NurseGrid is a local start-up whose main ambition is to ease the lives of nurses. Early this year, they approached us wanting to build an app that centralized their schedules and all work-related communication. NurseGrid’s main problem is common within the mobile space: they had an immaculate iOS app already on the store utilizing plenty of wonderful features native to iOS, but their Android app was in need of some TLC (tender loving code).
The outset task seemed simple enough: build an Android app based on its iOS version. Then ensure this app works with SaaS products so healthcare personnel managers can communicate easily with their staff, and staff can access and adjust their shifts. Their android app was little more than a web-wrapper redirecting users to various areas of their web client. This approach deters users because of its messy navigation, slow loading times, and an experience that doesn’t use a mobile device to its full potential.
More than just porting to Android
For Android developers, the request “make it like iOS” is not uncommon. Often for burgeoning companies, it makes most sense to put plenty of development time into the API, for stability, and the iOS app, for visibility. But this project was more complex than porting the app to Android. We built it from the ground up under a tight timeline with quite a bit of prioritization to get to a certain feature launched in the scope of 10 weeks. Although it’s based off the existing iOS app, all the code is original and native for Android. To make this project more interesting, our internal team consisted of two developers, a part-time QA engineer, and a part-time project manager.
As aniticpated, the biggest time commitment was the beastly calendar. Making a calendar that infinitely scrolls, has custom-colored cells, complex symbology, and a smooth scroll unhindered by color parsing was a large order. Along with the appearance of the calendar, issues surrounding data refreshing and caching were inevitable in an app with the explicit purpose of keeping an up-to-date schedule. Adding to the equation that we aimed to have this app be functional for older Android devices, we had initially planned for the calendar to be the only feature we would complete. However, because of our team dynamics and the hands-on helpfulness of the team at NurseGrid, we were able to complete the calendar feature and also the rest of the major features.
Teamwork, trust, and transparency
A huge part of our success on this project was due to the diligence and helpfulness of our Product Owner and API designer at NurseGrid. Our internal team only had two developers, a part-time QA engineer, and a part-time project manager. Given that myself and my co-developer had recently received our Scrum certification, our project functioned as a self-managed (and self-correcting) experiment in having a skeleton crew. Yet, in the lack of a robust team, NurseGrid stepped up to the plate to be the ideal clients, which ensured our timely delivery.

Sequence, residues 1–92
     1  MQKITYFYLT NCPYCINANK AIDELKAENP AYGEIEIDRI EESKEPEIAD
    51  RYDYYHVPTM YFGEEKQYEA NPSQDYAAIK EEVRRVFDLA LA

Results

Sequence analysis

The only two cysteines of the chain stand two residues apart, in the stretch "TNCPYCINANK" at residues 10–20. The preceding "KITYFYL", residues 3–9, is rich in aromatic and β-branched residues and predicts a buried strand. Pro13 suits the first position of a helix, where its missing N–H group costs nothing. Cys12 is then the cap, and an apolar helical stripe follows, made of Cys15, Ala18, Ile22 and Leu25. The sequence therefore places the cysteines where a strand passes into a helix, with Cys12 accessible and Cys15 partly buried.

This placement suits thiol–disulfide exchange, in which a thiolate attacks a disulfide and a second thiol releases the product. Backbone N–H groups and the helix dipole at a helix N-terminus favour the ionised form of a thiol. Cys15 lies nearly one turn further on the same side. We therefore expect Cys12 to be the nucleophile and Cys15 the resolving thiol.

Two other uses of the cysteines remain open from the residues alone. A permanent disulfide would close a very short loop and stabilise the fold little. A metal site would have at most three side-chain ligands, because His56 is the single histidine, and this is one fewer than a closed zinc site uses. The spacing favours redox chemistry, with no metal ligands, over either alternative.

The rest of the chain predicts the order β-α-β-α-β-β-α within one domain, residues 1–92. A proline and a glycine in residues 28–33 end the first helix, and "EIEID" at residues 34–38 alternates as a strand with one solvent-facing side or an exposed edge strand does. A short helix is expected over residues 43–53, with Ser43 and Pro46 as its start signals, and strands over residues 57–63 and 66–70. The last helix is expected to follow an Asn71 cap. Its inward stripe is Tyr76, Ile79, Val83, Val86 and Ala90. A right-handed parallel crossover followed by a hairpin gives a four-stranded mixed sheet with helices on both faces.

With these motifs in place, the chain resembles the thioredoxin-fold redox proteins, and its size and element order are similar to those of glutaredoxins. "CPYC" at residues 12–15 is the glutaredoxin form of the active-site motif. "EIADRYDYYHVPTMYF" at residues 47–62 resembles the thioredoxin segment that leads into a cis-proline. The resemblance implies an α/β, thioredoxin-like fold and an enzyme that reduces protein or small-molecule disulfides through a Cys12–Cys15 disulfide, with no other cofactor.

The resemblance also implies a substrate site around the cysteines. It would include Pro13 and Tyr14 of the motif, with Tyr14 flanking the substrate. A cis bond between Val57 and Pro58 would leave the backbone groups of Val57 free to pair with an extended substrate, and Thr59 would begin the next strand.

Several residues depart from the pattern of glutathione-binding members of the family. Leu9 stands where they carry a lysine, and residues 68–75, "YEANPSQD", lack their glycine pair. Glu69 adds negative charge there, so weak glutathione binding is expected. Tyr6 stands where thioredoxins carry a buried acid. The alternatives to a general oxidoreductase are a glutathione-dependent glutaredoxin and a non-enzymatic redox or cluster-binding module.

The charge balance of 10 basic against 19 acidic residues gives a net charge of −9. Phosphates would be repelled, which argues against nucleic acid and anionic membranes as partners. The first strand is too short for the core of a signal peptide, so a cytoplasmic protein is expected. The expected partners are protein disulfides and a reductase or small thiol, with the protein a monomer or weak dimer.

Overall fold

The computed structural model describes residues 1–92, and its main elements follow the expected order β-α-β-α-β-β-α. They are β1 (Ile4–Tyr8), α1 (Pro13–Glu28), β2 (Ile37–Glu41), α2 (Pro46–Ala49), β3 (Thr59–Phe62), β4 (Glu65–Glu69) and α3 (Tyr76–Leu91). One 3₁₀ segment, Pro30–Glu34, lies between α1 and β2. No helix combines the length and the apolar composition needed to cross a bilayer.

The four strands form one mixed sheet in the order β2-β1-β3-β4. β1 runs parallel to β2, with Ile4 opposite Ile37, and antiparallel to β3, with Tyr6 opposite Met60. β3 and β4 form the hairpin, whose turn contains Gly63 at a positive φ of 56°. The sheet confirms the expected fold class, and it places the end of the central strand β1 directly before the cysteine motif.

As we took advantage of multi-faceted team members, NurseGrid embraced this idea as well–not only was their product owner saddled with the responsibilities of that role, but he made it a point to act as a QA engineer and ScrumMaster as well. A big (and continually-asked) question through the process was how to utilize our proactive client to the best of our ability. As one might expect, overarching, intangible generalizations such as communication, timeliness, and of course patience came into play, but what does that mean within the scope of a project?
Here are some things that the NurseGrid did that proved to be invaluable through this whole process:
- Being okay without knowing an immediate answer–and relaying that to us so we can move on to other things in the meantime
- Having casual interactions on Slack which led to more transparency and openness among the whole team (not afraid to toss in an emoji or two)
- Being available outside of meetings to answer questions
- Willing to use the OS to its full advantage, even if that means differing functionality between platforms
- Understanding and accepting that bugs are a reality of development
- Embracing Agile, but knowing when to adapt the process
A myriad of factors contributed to our success, both in dev-related resources and a client that made it their goal to help us as much as possible in this process. Inevitably, we encountered problems. But, as is the case with new experiences, we adapted, learned, and grew because of our mistakes. In conjunction with our own team dynamics, having the NurseGrid team be equally small proved to be a huge advantage. Without superfluous team members, time budgeting became a necessity that proved to bolster efficiency for everyone. In short we thrived by embracing flexibility, encouraging role-juggling, and emphasizing communication.
“It was a tight timeline … The project manager was proactive at coming up with solutions often.” Thomas Iwasaki, NurseGrid